10

It looks like people have had issues with Accept headers in the past, but I'm not sure my issue is related. Using jQuery 1.4.2, I'm having trouble getting JSON with getJSON(). I can watch the request / response in Firebug and it looks like the source of the problem is that the resource in question returns different results depending on the Accept header. Even though the docs say it should be set, in Firebug it shows up as "/" -- obviously, I want "application/json". Is this a known bug? Am I supposed to be setting some flag I'm not aware of?

ETA: The request is cross-site, if that matters, but I'm passing a callback=? query parameter so JQuery is (successfully!) treating it as JSONP. The service I'm calling in this particular case supports an accept override query parameter (&accept=application/json), so I got it to work manually, but I still consider the header screwup to be strange and was hoping I'd be able to fix it, so I don't run into this again when dealing with a different service that might not be so forgiving. I don't have an easy way to copy/paste the code from my development environment but here's the gist:

$.getJSON(baseURL + "?item=" + itemNum + "&callback=?", function(data){
  console.log(data);
}

As you can see, this is not exactly complex, and should (I'm 99% sure...) result in an XHR being sent with an Accept header of application/json. Like I said, that's not happening, per Firebug's Net console. If it matters, this is in Firefox 3.6.8.

ETA Again: For anybody still reading this, yes, it's still happening, and no, I have no idea why. Like I said, simple getJSON() call, really basic syntax, cross site, treated as JSONP because it includes a callback query parameter. Still open to suggestions!

2
  • 1
    Show us your code and we might help you more.
    – Steven
    Sep 23, 2010 at 18:22
  • I am having the exact same problem in Chrome 8. $.getJSON("url", function (data) {}) is setting the Accept header to / Oct 16, 2010 at 4:28

3 Answers 3

13

This is not a bug.

Since your call is cross-domain, your browser will not allow you to make XHR calls (same-origin policy). Internally, jQuery is working around this using the "<script> tag hack", to make the cross-domain call (this is the fundemental idea behind the JSONP data type). Since the call is made using the tag, it is simply not possible for jQuery to modify the accepts portion of the header.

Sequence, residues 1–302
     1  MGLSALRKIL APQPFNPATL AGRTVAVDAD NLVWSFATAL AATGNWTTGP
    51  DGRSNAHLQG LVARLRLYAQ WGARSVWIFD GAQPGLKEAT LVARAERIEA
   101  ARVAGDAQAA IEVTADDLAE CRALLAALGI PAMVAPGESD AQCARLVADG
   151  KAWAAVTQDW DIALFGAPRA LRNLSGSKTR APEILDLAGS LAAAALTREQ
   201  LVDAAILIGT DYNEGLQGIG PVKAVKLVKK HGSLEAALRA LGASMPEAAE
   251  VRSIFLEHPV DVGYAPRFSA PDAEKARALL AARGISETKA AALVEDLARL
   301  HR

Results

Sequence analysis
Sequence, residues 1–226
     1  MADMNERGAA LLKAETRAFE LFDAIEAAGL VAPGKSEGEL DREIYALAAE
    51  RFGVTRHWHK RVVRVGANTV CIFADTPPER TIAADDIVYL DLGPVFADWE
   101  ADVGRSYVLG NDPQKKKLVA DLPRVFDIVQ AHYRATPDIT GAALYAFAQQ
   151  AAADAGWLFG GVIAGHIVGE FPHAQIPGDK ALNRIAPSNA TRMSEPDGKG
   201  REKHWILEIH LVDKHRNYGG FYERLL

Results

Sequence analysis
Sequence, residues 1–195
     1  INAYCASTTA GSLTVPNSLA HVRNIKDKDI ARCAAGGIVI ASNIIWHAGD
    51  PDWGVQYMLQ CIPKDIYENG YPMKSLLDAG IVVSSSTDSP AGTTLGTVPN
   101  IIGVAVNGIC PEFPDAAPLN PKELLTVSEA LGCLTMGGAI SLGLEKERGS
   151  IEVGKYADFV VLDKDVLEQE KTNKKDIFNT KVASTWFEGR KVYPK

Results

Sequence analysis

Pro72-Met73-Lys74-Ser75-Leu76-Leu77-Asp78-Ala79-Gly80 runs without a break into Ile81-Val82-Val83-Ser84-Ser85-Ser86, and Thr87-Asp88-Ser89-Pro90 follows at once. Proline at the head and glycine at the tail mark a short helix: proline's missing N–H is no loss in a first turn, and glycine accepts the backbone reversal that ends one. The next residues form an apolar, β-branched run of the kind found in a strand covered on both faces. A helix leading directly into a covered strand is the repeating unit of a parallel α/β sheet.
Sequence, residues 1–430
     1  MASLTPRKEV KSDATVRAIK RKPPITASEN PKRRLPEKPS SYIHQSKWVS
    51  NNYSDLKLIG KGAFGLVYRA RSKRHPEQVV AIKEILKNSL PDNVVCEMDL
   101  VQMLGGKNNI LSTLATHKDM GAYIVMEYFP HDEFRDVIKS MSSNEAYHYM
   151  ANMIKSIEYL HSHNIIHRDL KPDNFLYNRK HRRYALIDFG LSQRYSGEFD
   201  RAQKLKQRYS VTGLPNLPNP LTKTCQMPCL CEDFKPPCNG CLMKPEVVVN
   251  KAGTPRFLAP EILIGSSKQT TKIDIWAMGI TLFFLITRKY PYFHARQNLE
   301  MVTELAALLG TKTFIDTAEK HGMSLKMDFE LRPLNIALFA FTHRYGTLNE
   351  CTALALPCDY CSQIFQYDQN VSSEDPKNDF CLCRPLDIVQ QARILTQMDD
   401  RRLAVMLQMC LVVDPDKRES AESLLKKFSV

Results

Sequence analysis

jQuery works its magic by hiding these details from you, but unfortunately in this case you seem to be subject to the Law of Leaky Abstractions.

1
2

Without seeing your code (which might point us to an obvious solution,) can you try using the standard Ajax function and see if you get different results?

$.ajax({
  url: '/what.eva',
  dataType: 'json',
  data: '{}',
  success: callbackFunc
});

function callbackFunc(result) {
   alert(result);
} 
1
  • I've tried what you suggested, replacing my getJSON call (details now listed in the main question) with a $.ajax invocation, and the results are exactly the same. I figure this has to be a known bug, or maybe it's just that my browser is weird, but this definitely runs counter to expected behavior.
    – Coderer
    Sep 24, 2010 at 18:39
2

This is a bug which has been closed on the jquery website.

http://dev.jquery.it/ticket/6551

There does not appear to be a fix for this yet.

2
  • Wow, so somebody else has the issue, but they can't reproduce so they closed it? I'll see if I can contribute to it, somehow...
    – Coderer
    Oct 26, 2010 at 23:12
  • In case you're curious: the ticket was resolved, and Pete's answer is the correct one -- even though it looks like a "normal" AJAX request (XHR), it's implemented with a dynamic <script> tag, which means you're telling the browser "GET this page", which of course it will do with default (*/*) ACCEPT headers.So, in short, the hack I have in place is as close as you're going to get to the "right" way. :(
    – Coderer
    May 9, 2011 at 23:27

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